USA: Expanding Beyond DramaExecs planning ahead for 'Modern Family' lead-out in 2013 5/21/2012 12:01:00 AM Eastern
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USA Network is readying its expansion outside of the
drama genre, with both comedy and unscripted series on target to launch the
next two fall seasons.
"In order for us to grow, we need to find new ways to bring in new viewers,"
network copresident Chris McCumber said last week.
For its comedy slate, the network will use repeat episodes of Modern Family
beginning in fall 2013 as a lineup launch pad. After initially stating they
wanted to get one of their comedy projects on the schedule before Modern
Family premieres, McCumber and fellow copresident Jeff Wachtel told B&C
that launching the genre with the ABC hit was "an incredible advantage" they
couldn't pass up.
"[Comedy] is a new world for us," said McCumber. "We want to make sure we have
the right product to put out there at the right time."
USA added four projects to the previously announced Paging Dr. Freed and
Dennis Leary's Sirens. Gail Berman and Lloyd Braun's Regulars,
about a group of customers and employees at a New Jersey bar, and Kelsey
Grammer's The Dicicco Brothers, about an entrepreneur who tries to make
it big in Silicon Valley, go along with Benched (about an attorney
working in the public defender's office) and Start-Up (with two young
pals trying to start their own business).
USA is also making its initial push into unscripted fare, developing series
with former NFL quarterback Kurt Warner and creating an American version of BBC
series The Choir. The net has added Mark Burnett's Romancing the
Globe and Shed Media's Bride or Best Man (working title).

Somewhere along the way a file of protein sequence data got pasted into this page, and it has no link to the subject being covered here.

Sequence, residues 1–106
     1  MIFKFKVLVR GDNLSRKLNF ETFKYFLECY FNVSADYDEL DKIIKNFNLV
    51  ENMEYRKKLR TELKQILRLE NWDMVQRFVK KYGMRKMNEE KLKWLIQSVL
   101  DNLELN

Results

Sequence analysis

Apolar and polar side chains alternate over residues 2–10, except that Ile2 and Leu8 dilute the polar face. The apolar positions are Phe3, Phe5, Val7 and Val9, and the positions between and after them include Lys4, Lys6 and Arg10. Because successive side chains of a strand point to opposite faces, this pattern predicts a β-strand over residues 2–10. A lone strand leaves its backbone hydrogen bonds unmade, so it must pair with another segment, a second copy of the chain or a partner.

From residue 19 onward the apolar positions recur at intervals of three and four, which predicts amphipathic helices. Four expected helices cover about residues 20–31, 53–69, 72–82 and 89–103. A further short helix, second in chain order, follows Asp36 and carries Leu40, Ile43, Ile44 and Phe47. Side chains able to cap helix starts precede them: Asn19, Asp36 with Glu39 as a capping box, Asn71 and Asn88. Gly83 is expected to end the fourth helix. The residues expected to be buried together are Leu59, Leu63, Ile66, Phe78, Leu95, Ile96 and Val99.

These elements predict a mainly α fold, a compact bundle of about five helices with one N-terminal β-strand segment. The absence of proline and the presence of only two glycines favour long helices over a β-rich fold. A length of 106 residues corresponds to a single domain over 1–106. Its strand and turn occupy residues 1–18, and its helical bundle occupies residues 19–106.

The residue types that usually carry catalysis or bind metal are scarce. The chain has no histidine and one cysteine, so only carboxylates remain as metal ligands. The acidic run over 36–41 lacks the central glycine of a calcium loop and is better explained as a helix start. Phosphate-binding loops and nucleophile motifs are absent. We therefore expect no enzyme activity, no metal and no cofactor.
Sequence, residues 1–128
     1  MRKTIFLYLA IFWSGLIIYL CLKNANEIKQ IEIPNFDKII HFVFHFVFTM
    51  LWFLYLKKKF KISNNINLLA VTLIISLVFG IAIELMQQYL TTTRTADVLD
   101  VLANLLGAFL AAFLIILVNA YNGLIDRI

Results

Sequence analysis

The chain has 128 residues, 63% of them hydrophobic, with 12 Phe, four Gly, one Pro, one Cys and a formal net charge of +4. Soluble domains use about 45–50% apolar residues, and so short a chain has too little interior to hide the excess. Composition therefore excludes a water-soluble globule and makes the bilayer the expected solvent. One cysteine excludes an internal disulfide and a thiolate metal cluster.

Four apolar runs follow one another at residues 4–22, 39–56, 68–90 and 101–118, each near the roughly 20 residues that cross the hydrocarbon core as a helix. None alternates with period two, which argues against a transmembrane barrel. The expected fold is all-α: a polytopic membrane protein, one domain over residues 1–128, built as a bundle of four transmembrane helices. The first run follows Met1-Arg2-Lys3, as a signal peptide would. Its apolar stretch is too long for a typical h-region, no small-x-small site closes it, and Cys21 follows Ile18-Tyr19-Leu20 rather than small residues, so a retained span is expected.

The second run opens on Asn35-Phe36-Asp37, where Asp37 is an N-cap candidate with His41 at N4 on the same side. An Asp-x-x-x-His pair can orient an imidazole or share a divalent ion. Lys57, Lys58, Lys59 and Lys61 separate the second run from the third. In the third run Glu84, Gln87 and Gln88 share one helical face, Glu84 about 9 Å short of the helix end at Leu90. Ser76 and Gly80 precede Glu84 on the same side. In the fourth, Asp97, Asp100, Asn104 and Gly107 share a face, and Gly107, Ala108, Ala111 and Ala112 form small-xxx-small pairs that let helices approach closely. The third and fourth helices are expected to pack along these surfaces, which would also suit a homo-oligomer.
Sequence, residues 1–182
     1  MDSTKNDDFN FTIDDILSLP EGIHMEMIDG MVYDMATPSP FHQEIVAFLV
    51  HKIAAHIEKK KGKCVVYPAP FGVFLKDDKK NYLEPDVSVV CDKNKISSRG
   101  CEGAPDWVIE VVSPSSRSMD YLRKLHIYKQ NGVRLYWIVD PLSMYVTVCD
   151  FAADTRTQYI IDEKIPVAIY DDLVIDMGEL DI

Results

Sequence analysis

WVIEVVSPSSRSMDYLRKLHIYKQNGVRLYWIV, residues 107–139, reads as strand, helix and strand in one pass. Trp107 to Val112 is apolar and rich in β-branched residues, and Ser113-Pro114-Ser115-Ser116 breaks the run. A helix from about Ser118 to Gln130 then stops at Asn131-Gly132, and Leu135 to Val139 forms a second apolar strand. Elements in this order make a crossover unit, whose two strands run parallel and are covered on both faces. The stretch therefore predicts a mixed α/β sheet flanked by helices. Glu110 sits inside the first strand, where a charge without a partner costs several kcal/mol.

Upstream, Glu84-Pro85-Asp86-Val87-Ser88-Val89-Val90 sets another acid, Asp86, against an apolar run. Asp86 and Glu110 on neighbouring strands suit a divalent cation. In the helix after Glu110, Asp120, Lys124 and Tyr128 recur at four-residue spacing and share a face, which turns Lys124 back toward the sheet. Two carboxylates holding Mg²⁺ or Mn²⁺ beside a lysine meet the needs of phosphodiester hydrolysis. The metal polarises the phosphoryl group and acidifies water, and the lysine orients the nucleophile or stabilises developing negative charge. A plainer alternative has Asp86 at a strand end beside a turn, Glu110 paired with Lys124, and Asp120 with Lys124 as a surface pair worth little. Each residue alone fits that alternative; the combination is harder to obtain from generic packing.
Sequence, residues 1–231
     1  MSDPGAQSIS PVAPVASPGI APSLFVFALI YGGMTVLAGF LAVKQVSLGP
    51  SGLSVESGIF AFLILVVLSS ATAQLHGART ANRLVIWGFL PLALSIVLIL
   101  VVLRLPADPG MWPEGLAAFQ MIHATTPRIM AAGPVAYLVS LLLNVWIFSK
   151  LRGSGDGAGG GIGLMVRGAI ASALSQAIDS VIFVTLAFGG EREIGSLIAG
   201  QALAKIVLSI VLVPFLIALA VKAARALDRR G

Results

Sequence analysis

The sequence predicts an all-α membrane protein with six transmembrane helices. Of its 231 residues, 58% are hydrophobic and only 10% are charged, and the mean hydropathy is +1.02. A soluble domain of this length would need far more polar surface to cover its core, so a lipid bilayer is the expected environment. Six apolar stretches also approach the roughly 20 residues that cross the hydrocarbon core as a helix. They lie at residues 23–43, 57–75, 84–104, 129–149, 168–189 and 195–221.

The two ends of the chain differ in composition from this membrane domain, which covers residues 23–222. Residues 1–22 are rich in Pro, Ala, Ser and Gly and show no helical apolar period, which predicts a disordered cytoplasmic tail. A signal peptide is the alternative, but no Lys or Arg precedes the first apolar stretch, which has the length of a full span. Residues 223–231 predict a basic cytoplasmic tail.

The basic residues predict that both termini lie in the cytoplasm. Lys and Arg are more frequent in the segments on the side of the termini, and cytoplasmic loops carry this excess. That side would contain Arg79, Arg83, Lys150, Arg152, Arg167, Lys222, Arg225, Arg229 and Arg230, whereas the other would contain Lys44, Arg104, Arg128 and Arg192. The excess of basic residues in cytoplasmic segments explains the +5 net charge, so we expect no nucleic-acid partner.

"We'd be silly not to get into reality," said Wachtel. USA hopes to
differentiate its fare from the average "car-crash TV." Wachtel said the
challenge will be "how do we do our version that stays within our more upbeat,
Wachtel hopes USA will debut its first unscripted series on the air by fall or
winter, but added, "we [will] put stuff up when and where we're ready."
McCumber said they are still tinkering with the right balance of scripted vs.
unscripted: "There's no perfect formula."
USA will experiment with airing dramas straight through as opposed to the usual
split-season strategy, a tactic McCumber and Wachtel said they were considering
back in January. Wachtel cautioned that the strategy won't be in place for
every show, adding that USA's many series allow for such an experiment.
"We both have the luxury and the challenge of figuring out where the shows play
best," said Wachtel.
To that point, Wachtel added that it's "starting to feel like Royal Pains
is a pure summer-for-summer show." Fourteen of the 16 episodes of Royal
Pains' fourth season will air in the summer, with the other two being used
for a holiday-themed prequel movie.
The network is adding six new dramas, including projects from Law &
Order creator Dick Wolf, Bryan Fuller, Pierce Brosnan and an adaptation of
the T. Jefferson Parker novel Fallen. These join the already announced
pilot Graceland and the miniseries Political Animals, which
debuts in July.